Draft Local Plan

Ended on the 23rd March 2016
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8. ECONOMIC PROSPERITY

Policies related to the local economy, including provision of employment land, Brentwood Town Centre and local district and village centres, retail, and the rural area economy

SO4 Foster a prosperous, vibrant and diverse local economy by attracting new commercial investment in order to maintain high and stable levels of economic and employment growth

SO5 Expand and enhance Brentwood Town Centre's retail offer in particular opportunities for high quality niche shopping

SO6 Promote and encourage the continued success of Brentwood Town Centre and local centres to provide a high quality public realm and mixed use development

SO7 Optimise the social and economic benefits that arise from Crossrail for the benefit of residents, businesses and visitors to the Borough

SO8 Promote and support a prosperous rural economy

8.1 Brentwood Borough Council is committed to delivering sustainable growth throughout the Plan period 2013 - 2033. To achieve this it is vital that Brentwood's economy grows and meets its full potential.

8.2 To meet future needs and maintain a competitive successful local economy we will plan for new jobs and new homes. We will work with existing businesses through partnerships and attract new businesses by ensuring the Borough remains an attractive place to work. The importance of striking the right balance between meeting development needs and retaining Borough character is critical when considering the future of the local economy.

8.3 Since the Preferred Options consultation in 2013 new evidence has been produced relating to economic needs, specifically employment land and retail and commercial leisure provision. This chapter sets out the Council's proposed policies to meet the Borough's identified economic needs.

(5) Brentwood's Economy

8.4 Brentwood Borough is an attractive location for business, combining a high quality environment with close proximity to London, a well qualified workforce and good transport links. The Borough has a diverse local economy providing a total of 39,300 jobs (2014). The Borough has a thriving entrepreneurial culture, with above average rates of business start-ups, and is popular with some major national firms whose regional headquarters are located here.

8.5 It is important to consider a range of factors that will be critical to informing how we plan for a continued successful economy, including new development opportunities and better use of existing floorspace. There are also a range of business sectors that contribute to economic growth, which cannot all be named, but include education, health, retail and tourism.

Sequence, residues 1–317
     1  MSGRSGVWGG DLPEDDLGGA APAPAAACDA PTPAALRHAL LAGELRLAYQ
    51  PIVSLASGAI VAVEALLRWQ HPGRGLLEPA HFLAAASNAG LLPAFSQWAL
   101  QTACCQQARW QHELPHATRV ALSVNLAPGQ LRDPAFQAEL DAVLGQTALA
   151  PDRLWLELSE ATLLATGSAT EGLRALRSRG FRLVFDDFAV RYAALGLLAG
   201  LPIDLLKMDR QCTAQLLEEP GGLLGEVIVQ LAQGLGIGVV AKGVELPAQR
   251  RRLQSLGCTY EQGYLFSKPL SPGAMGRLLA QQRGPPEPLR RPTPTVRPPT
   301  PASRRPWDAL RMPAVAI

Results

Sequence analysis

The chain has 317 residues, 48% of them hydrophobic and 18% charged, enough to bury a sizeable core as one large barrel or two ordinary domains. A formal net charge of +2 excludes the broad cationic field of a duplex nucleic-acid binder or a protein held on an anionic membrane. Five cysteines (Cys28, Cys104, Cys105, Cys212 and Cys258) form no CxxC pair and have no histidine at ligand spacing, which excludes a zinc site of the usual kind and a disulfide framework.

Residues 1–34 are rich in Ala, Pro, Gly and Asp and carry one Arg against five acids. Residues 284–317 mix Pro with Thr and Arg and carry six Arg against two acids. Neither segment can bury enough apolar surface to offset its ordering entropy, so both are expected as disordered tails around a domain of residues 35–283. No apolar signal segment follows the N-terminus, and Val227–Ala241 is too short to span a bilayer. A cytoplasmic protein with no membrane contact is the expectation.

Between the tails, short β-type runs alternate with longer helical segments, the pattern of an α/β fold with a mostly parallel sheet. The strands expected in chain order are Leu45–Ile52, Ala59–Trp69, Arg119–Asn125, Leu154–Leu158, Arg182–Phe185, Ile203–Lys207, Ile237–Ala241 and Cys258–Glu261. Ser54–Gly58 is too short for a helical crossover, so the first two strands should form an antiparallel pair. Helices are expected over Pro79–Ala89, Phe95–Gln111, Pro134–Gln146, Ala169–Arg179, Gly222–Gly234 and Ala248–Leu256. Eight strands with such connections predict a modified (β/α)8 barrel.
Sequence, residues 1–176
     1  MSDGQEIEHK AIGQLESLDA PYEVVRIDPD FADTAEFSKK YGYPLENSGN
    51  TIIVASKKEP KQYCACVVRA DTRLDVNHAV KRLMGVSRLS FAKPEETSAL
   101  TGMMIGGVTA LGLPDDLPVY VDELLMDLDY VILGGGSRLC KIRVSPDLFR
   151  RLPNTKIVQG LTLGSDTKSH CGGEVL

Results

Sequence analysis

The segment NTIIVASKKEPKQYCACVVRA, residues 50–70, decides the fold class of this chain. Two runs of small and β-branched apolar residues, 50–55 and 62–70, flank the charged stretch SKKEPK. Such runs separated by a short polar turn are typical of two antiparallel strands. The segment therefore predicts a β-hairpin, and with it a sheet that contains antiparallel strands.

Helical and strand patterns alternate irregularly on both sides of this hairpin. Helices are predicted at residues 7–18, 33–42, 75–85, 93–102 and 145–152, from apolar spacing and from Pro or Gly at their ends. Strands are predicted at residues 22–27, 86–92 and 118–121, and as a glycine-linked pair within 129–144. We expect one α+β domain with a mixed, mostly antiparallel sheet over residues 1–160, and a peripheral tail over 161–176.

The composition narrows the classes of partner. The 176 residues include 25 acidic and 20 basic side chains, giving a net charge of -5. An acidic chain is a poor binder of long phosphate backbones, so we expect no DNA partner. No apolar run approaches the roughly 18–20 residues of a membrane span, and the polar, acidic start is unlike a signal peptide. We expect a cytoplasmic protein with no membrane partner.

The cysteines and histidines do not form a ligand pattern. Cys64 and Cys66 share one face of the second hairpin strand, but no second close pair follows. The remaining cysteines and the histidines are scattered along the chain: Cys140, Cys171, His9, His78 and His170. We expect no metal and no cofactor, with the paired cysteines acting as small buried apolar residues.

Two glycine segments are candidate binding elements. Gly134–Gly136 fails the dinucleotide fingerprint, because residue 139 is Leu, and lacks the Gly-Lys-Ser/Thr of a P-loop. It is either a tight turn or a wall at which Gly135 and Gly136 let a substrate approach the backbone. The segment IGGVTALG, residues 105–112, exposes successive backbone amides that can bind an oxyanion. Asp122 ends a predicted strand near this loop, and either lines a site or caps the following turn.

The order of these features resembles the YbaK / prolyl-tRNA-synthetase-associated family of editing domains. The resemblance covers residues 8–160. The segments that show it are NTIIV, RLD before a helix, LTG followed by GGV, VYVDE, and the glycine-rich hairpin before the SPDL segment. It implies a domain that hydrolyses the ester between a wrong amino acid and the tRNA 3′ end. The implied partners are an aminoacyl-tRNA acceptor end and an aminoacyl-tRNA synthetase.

(7) Policy 8.1 STRONG AND COMPETITIVE ECONOMY

The Council and its partners will seek to maintain high and stable levels of local economic growth, enabling the Borough's economy to diversify and modernise through the growth of existing business and the creation of new enterprises. Support will be given to proposals that secure job growth with 'high value' business and retail.

This will be secured by:

  1. capitalising on the economic benefits that arise from Crossrail;
  2. improving access to a range of employment opportunities for Borough residents in order to meet local employment needs and maintain viable, sustainable communities; Strategic Employment-led Development
  3. promoting economic growth through the intensification of vacant employment floorspace and underutilised sites, the regeneration of previously developed land, and the allocation of new sites necessary to support employment growth in sustainable locations;
  4. making better use of existing business premises by opening up vacant employment floorspace for use by other businesses;
  5. directing major new retail, office and leisure investment to the Borough's Town Centres, stimulating improvement and regeneration;
  6. supporting proposals which achieve the renewal and improvement of business premises to provide local employment opportunities, particularly in areas with good public transport;
  7. enhancing and protecting the important role of small and medium sized commercial enterprises within the Borough's economy;
  8. maintaining current tourist attractions and encouraging new opportunities to increase the amount of visitors to the Borough; and
  9. supporting the Borough's rural economy and growing agricultural enterprises.